Prior to January 1997 (pursuant to a Constitutional amendment adopted in 1995) the post of Chief Justice was held for a 2-year term by a justice who

(i) was one of the Justices with 2 years left in their term,
(ii) was the most senior in years of service of that cohort, and
(iii) (generally) had not previously served as Chief Justice.
The last Chief Justice under the rotation system, Barbara Durham was the architect of the present internal election system, and was the first to be elected under the new procedure, serving until her resignation in 1999.The court convenes in the Temple of Justice, a historic building on the Washington State Capitol campus in Olympia, Washington.

The persuasiveness of the Court’s decisions reaches far beyond Washington’s borders. A Supreme Court of California study published in 2007 found that the Washington Supreme Court’s decisions were the second most widely followed by the appellate courts of all other US states in the period from 1940 to 2005.

 

Supreme Court of California

The Supreme Court of California is the court of last resort in the courts of the State of California. It is headquartered in San Francisco and regularly holds sessions in Los Angeles and Sacramento. Its decisions are binding on all other California state courts.Under the original 1849 California Constitution, the Court started with a chief justice and two associate justices. The Court was expanded to five justices in 1862. Under the current 1879 constitution, the Court expanded to six associate justices and one chief justice, for the current total of seven. The justices are appointed by the Governor of California and are subject to retention elections.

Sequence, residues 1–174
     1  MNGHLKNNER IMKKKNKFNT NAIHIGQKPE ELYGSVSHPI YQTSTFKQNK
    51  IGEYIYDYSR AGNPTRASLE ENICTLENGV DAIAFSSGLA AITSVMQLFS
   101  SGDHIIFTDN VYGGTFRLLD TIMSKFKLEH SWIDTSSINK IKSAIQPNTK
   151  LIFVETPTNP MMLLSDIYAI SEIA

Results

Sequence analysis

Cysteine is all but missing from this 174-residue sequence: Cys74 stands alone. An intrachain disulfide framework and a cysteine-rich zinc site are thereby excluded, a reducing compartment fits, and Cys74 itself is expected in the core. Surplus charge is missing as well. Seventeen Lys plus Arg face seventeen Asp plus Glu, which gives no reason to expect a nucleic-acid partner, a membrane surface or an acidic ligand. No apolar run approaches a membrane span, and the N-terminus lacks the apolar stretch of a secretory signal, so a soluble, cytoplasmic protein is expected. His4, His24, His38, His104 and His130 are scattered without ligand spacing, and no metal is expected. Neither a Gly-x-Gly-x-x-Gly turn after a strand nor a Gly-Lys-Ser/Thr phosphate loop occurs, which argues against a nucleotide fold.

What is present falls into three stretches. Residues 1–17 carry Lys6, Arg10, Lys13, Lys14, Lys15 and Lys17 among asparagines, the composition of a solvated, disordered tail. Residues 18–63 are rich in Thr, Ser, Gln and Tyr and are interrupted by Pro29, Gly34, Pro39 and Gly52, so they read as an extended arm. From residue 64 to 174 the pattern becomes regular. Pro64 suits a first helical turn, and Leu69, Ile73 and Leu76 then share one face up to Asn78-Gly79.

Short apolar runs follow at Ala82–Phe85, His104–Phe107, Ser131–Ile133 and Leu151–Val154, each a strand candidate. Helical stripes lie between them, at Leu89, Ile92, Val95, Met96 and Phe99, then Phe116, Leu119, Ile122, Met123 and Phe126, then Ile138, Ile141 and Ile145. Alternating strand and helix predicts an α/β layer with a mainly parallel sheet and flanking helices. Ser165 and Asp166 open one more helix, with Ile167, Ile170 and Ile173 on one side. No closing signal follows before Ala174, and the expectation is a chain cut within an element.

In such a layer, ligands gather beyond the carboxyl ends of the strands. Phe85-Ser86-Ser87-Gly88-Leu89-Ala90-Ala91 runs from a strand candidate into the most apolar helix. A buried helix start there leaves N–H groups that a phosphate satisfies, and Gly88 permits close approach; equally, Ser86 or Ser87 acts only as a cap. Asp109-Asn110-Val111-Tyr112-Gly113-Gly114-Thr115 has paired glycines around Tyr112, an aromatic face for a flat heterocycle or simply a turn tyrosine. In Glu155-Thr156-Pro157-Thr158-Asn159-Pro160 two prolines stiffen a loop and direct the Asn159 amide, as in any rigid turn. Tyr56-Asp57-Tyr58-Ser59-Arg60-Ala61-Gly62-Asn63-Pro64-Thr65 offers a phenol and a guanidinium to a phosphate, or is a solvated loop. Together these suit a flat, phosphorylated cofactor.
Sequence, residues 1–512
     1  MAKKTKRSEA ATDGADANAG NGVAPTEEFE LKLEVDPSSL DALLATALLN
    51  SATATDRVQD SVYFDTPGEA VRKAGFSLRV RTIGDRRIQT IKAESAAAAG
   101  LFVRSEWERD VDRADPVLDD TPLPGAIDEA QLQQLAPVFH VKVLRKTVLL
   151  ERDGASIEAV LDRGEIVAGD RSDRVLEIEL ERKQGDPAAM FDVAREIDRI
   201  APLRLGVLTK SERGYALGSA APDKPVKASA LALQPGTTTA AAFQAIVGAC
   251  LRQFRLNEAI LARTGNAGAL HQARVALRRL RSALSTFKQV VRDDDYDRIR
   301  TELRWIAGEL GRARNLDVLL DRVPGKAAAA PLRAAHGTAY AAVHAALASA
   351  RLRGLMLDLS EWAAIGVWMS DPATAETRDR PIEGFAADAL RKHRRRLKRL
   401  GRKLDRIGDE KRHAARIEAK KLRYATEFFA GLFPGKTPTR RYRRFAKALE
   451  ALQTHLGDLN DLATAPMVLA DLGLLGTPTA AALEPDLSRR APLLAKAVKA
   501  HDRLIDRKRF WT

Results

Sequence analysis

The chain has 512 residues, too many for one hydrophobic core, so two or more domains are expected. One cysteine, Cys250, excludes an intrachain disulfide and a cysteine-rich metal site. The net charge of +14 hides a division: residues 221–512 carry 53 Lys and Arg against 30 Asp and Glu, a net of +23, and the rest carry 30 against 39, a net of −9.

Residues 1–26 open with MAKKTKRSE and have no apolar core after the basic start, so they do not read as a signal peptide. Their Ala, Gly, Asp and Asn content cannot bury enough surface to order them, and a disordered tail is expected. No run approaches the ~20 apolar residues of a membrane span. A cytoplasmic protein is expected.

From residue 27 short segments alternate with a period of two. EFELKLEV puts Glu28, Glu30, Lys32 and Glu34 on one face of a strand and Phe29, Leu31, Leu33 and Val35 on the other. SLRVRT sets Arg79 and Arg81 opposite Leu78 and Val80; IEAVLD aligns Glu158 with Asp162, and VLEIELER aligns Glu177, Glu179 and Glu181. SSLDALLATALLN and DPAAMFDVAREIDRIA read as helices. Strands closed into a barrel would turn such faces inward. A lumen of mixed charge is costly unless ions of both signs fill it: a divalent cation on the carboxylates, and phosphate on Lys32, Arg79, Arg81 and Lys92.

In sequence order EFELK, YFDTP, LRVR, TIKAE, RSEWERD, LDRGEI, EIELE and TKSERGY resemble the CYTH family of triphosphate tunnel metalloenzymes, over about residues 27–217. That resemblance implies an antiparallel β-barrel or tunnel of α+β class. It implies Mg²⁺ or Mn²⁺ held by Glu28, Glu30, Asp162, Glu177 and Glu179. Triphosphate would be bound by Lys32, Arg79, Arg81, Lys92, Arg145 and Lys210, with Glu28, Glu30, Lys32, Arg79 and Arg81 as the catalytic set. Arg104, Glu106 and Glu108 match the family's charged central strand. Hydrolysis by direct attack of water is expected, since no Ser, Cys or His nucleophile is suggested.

According to the California Constitution, to be considered for appointment, a person must be an attorney admitted to practice in California or have served as a judge of a California court for 10 years immediately preceding the appointment.

To fill a vacant position, the Governor must first submit a candidate’s name to the Commission on Judicial Nominees Evaluation of the State Bar of California, which prepares and returns a thorough, confidential evaluation of the candidate. Next, the Governor officially nominates the candidate, who must then be evaluated by the Commission on Judicial Appointments, which consists of the Chief Justice of California, the Attorney General of California, and a senior presiding justice of the California Courts of Appeal. The Commission holds a public hearing and if satisfied with the nominee’s qualifications, confirms the nomination. The nominee can then immediately fill an existing vacancy, or replace a departing justice at the beginning of the next judicial term.

If a nominee is confirmed to fill a vacancy that arose partway through a judicial term, the justice must stand for retention during the next gubernatorial election. Voters then determine whether to retain the justice for the remainder of the judicial term. At the term’s conclusion, justices must again undergo a statewide retention election for a full 12-year term. If a majority votes “no,” the seat becomes vacant and may be filled by the Governor.